Stanford University has one of the largest campuses in the US and is one of the most prestigious universities in the world.
It was established in 1885 and opened six years later as a co-educational and non-denominational private institution.
Its location, less than an hour’s drive south of San Francisco next to Palo Alto, is in the heart of California’s Silicon Valley, and the university is known for its entrepreneurial spirit.
This entrepreneurialism has its roots in the aftermath of the Second World War, when the provost encouraged innovation, resulting in a self-sufficient industry that would become Silicon Valley.
By 1970, the university had a linear accelerator and hosted part of the early network that would become the technical foundation of the internet.
The main campus spans 8,180 acres and is home to almost all the undergraduates who study at the university.
There are 700 major university buildings housing 40 departments within the three academic schools and four professional schools, alongside 18 independent laboratories, centres and institutes.
Stanford counts 21 Nobel laureates within its community, and numerous famous alumni associated with the university from the worlds of business, politics, media, sport and technology.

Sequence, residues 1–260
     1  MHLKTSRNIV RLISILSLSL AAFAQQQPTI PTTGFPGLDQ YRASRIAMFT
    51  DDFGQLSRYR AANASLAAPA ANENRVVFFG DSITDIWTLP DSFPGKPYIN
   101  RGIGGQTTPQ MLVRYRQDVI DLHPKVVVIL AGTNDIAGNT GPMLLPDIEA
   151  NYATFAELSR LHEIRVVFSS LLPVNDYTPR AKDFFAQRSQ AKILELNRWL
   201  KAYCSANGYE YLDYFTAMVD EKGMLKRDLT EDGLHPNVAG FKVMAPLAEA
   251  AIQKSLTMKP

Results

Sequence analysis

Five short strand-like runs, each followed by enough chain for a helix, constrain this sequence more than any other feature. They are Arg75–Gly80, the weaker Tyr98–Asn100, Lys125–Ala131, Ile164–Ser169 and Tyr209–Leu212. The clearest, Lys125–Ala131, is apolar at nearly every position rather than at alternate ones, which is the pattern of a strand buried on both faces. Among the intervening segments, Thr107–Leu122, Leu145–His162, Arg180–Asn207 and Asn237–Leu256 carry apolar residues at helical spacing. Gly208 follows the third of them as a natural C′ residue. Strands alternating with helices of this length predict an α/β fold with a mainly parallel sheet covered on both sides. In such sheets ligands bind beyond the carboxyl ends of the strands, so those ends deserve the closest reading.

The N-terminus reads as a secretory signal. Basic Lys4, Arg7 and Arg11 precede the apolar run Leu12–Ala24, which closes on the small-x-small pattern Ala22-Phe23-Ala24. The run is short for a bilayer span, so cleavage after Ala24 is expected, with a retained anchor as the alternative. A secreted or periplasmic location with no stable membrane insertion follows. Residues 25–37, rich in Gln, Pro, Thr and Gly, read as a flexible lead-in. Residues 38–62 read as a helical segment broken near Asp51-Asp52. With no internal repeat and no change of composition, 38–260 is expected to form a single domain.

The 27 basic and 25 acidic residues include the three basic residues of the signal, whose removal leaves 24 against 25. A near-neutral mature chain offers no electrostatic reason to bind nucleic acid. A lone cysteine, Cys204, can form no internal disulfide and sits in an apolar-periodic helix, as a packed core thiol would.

The 31st president of the US, Herbert Hoover, was part of the very first class at Stanford, and received a degree in geology in 1895. Currently, Stanford is also one of the leading producers of US Congress members.
The alumni include 30 living billionaires, 17 astronauts, 18 Turing Award recipients and two Fields Medallists.
Google’s co-founders met at Stanford while pursuing doctorate degrees, although neither ultimately completed their theses.
In total, companies founded by Stanford affiliates and alumni generate more than $2.7 trillion annual revenue, which would be the 10th largest economy in the world. These companies include Nike, Netflix, Hewlett-Packard, Sun Microsystems, Instagram, Snapchat, PayPal and Yahoo.
The first American woman to go into space, Sally Ride, received an undergraduate degree in physics from Stanford in 1973. Just 10 years later, she made her ascent into space, and is now a physics professor at Stanford.
In the five years leading up to 2012, the university embarked on a challenge to raise more than $4 billion. The fundraising exceeded this target and concluded the campaign having raised $6.2 billion, which will be used for more faculty appointments, graduate research fellowships and scholarships, and construction on 38 new or existing campus buildings.
Some of the funds have already been used for large projects, including the world’s largest dedicated stem cell research facility, a new business school campus, a law school expansion, a new Engineering Quad, a campus concert hall and an art museum.
Unofficially, the Stanford motto is a German quotation “Die Luft der Freiheit weht”, which translates as “the wind of freedom blows”.